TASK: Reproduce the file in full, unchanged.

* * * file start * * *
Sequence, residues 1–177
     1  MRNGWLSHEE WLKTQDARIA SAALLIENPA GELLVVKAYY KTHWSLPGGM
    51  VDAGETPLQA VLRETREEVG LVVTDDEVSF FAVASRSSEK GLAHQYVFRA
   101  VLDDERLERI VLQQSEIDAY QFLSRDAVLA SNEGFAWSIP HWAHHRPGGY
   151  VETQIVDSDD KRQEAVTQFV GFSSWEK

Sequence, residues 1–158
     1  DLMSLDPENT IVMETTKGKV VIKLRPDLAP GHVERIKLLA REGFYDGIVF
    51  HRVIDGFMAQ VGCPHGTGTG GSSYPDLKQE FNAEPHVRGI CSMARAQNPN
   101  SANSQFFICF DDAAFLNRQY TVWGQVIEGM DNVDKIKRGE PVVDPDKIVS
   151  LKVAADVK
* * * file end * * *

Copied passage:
Sequence, residues 1–177
     1  MRNGWLSHEE WLKTQDARIA SAALLIENPA GELLVVKAYY KTHWSLPGGM
    51  VDAGETPLQA VLRETREEVG LVVTDDEVSF FAVASRSSEK GLAHQYVFRA
   101  VLDDERLERI VLQQSEIDAY QFLSRDAVLA SNEGFAWSIP HWAHHRPGGY
   151  VETQIVDSDD KRQEAVTQFV GFSSWEK

Sequence, residues 1–158
     1  DLMSLDPENT IVMETTKGKV VIKLRPDLAP GHVERIKLLA REGFYDGIVF
    51  HRVIDGFMAQ VGCPHGTGTG GSSYPDLKQE FNAEPHVRGI CSMARAQNPN
   101  SANSQFFICF DDAAFLNRQY TVWGQVIEGM DNVDKIKRGE PVVDPDKIVS
   151  LKVAADVK